A. There is an implicit contract between a celebrity and his fans. The celebrity is obliged to "act the part", to fulfil the expectations of his admirers, not to deviate from the roles that they impose and he or she accepts. In return the fans shower the celebrity with adulation. They idolize him or her and make him or her feel omnipotent, immortal, "larger than life", omniscient, superior, and sui generis (unique).
What are the fans getting for their trouble?
Above all, the ability to vicariously share the celebrity's fabulous (and, usually, partly confabulated) existence. The celebrity becomes their "representative" in fantasyland, their extension and proxy, the reification and embodiment of their deepest desires and most secret and guilty dreams. Many celebrities are also role models or father/mother figures. Celebrities are proof that there is more to life than drab and routine. That beautiful - nay, perfect - people do exist and that they do lead charmed lives. There's hope yet - this is the celebrity's message to his fans.
The celebrity's inevitable downfall and corruption is the modern-day equivalent of the medieval morality play. This trajectory - from rags to riches and fame and back to rags or worse - proves that order and justice do prevail, that hubris invariably gets punished, and that the celebrity is no better, neither is he superior, to his fans.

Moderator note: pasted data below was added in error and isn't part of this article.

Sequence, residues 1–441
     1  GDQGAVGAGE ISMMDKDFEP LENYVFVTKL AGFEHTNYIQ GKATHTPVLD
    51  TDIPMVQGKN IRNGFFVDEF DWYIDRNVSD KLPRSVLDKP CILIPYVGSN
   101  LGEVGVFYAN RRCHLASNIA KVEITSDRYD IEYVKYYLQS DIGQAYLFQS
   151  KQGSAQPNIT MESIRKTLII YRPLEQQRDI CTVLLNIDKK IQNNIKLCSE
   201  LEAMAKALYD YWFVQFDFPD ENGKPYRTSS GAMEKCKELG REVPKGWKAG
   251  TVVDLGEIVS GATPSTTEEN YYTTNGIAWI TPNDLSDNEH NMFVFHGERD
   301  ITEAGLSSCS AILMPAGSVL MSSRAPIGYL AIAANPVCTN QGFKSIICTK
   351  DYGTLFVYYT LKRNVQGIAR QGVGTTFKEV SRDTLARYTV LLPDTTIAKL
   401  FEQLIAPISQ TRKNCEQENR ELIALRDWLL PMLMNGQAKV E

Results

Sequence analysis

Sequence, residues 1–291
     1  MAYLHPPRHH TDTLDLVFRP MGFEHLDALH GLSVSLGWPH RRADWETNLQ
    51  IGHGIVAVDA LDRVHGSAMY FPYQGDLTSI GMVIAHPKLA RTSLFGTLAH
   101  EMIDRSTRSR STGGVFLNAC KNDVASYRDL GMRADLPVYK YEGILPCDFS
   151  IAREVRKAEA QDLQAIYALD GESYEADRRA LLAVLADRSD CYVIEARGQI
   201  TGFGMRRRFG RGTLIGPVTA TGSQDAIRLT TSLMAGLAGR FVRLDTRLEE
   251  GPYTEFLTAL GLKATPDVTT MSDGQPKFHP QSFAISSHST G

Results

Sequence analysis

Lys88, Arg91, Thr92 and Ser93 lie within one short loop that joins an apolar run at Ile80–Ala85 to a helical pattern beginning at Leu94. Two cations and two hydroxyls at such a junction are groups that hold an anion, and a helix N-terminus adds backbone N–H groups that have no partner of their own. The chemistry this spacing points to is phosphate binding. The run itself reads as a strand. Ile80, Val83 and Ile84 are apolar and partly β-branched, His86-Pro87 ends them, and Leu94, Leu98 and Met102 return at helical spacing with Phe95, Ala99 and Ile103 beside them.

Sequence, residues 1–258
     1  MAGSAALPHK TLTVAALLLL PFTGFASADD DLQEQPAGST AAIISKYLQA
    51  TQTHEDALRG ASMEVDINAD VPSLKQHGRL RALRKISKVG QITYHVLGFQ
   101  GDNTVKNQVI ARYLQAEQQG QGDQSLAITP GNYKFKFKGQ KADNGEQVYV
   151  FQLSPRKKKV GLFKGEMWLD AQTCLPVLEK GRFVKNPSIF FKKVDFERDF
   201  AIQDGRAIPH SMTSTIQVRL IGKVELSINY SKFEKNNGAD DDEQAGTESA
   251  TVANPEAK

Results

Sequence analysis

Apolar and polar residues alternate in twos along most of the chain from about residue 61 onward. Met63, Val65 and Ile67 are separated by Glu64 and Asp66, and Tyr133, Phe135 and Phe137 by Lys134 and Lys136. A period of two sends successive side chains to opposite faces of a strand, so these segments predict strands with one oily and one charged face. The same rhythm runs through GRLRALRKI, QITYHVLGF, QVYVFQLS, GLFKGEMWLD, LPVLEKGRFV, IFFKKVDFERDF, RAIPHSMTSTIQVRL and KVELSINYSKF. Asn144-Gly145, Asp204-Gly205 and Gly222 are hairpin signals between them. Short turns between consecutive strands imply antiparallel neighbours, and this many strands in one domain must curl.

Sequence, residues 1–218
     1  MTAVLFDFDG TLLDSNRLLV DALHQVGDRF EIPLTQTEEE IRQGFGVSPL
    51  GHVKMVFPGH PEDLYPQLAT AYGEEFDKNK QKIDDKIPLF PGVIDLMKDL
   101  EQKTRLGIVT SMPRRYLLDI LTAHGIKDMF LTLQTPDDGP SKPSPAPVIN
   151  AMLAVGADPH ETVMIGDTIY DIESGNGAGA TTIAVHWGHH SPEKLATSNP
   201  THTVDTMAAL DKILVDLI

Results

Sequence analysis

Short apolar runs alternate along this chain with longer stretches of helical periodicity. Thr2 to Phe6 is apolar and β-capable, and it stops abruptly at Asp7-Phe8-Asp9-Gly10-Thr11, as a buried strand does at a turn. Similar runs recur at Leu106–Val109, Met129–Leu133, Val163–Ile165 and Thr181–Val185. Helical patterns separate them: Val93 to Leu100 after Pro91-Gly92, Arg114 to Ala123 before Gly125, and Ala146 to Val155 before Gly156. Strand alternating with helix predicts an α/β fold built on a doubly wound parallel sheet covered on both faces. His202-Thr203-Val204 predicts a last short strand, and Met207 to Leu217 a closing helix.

8. Why are celebrities narcissists? How is this disorder born?
No one knows if pathological narcissism is the outcome of inherited traits, the sad result of abusive and traumatizing upbringing, or the confluence of both. Often, in the same family, with the same set of parents and an identical emotional environment - some siblings grow to be malignant narcissists, while others are perfectly "normal". Surely, this indicates a genetic predisposition of some people to develop narcissism.
It would seem reasonable to assume - though, at this stage, there is not a shred of proof - that the narcissist is born with a propensity to develop narcissistic defenses. These are triggered by abuse or trauma during the formative years in infancy or during early adolescence. By "abuse" I am referring to a spectrum of behaviors which objectify the child and treat it as an extension of the caregiver (parent) or as a mere instrument of gratification. Dotting and smothering are as abusive as beating and starving. And abuse can be dished out by peers as well as by parents, or by adult role models.
Not all celebrities are narcissists. Still, some of them surely are.
We all search for positive cues from people around us. These cues reinforce in us certain behaviour patterns. There is nothing special in the fact that the narcissist-celebrity does the same. However there are two major differences between the narcissistic and the normal personality.
The first is quantitative. The normal person is likely to welcome a moderate amount of attention – verbal and non-verbal – in the form of affirmation, approval, or admiration. Too much attention, though, is perceived as onerous and is avoided. Destructive and negative criticism is avoided altogether.
The narcissist, in contrast, is the mental equivalent of an alcoholic. He is insatiable. He directs his whole behaviour, in fact his life, to obtain these pleasurable titbits of attention. He embeds them in a coherent, completely biased, picture of himself. He uses them to regulates his labile (fluctuating) sense of self-worth and self-esteem.
To elicit constant interest, the narcissist projects on to others a confabulated, fictitious version of himself, known as the False Self. The False Self is everything the narcissist is not: omniscient, omnipotent, charming, intelligent, rich, or well-connected.